‘The last time we got paid was before typhoon Pablo’

Karlos Manlupig
Anding said the worsening state of labor conditions show why unions have to continue to exist to uphold the rights and interests of the workers and their families

Thousands of workers and militants join the Labor Day march protest in Davao City. Photo by Karlos Manlupig

DAVAO CITY, Philippines – Among the thousands of workers and militants on Wednesday’s Labor Day march in Davao City was Cerila Anding, a banana plantation worker in Compostela Valley.

For Anding, life has always been so hard but it’s worse after Typhoon Pablo devastated towns and destroyed hectares of banana plantations. 

“No work, no pay. That is the policy of our company. Since our plantation and packing plant was swept away, we are now unemployed and the last time we received wage was before Pablo,” Anding told Rappler. Anding is the leader of local union Nagkahiusang Mamumuo sa Osmeña (NAMAOS).

“It is very saddening that the government has done nothing to help us. We also received no help from the company. That is why we are protesting so that the government would wake up,” Anding added.

Waiting for their plantations to resume operations, Anding said workers are forced spend their savings to survive. Others have to moonlight as diggers and laborers in gold mines.

“If there are relief goods then we will have something good to eat. But right now there are no more relief services in our area,” Anding said.

Anding said they were informed that rehabilitation efforts on the plantations would be initiated this year. “Hopefully the plantations would be able to operate again. The government must do something so that we will not die of hunger,” Anding commented.

Anding said parents are worried that they will no longer be able to send their children back to school in June. 

In spite of their situation, Anding said she can imagine how many other workers are suffering as they are. “If poor labor conditions exist in an area which has caught international attention due to the disaster caused by Pablo, I can not imagine what is happening in areas which are hidden from the view of the public,” she said.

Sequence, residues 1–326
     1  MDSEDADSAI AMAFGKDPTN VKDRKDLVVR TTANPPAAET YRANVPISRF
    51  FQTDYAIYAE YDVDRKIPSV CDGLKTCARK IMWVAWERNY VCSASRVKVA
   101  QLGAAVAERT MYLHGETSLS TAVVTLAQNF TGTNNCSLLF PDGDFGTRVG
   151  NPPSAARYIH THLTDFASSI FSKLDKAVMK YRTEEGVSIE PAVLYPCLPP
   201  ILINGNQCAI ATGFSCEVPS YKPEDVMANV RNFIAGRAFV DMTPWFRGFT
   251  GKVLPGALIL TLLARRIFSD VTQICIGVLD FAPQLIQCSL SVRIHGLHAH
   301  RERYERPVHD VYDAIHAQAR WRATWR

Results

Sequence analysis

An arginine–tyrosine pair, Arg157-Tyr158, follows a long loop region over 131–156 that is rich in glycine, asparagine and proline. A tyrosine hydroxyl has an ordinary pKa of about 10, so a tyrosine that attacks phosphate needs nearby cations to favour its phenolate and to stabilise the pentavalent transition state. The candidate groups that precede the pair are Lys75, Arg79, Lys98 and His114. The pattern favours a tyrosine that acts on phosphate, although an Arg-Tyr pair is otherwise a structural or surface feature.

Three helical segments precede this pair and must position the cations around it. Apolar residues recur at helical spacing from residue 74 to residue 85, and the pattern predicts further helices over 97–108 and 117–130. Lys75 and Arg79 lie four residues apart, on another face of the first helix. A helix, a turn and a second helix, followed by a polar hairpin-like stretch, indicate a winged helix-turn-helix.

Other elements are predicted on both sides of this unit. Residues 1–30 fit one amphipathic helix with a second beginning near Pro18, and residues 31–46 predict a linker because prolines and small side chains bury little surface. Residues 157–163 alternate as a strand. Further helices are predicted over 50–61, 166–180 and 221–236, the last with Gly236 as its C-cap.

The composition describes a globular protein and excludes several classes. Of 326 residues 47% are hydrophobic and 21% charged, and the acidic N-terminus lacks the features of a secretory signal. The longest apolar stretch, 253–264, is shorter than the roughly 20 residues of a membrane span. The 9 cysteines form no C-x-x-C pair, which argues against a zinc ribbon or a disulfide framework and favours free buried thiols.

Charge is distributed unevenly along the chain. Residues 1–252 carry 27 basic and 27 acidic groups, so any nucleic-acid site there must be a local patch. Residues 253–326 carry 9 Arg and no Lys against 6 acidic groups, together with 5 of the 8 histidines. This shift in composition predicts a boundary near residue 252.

Labor unions are dying nationwide. Anding said the worsening state of labor conditions show why unions have to continue to exist to uphold the rights and interests of the workers and their families.

“We are currently surviving because we are living as a community. This is what we have learned in our union. We help each other without any preconditions,” Anding said.

She also shared that their salary increased from P71.50 in 1998 to P312 last year because of the efforts of their union.

“This did not happen because the company voluntarily offered this increase to us. We fought for it both in the negotiations under the collective bargaining agreement and in the picket line,” Anding said.

“No company would easily approve wage increases for their employees. Their goal is to maximize profit even if this would mean compromising their workers,” she added.

She said banana plantations workers are joining the call for a nationwide P125 wage increase.

Anding said the banana plantation workers in Compostela Valley are hoping that the administration would be able to realize their need for immediate intervention.

“But helping workers must not be done for “pogi points” only. This must be done with sincerity. This must be done across the country,” Anding said. –

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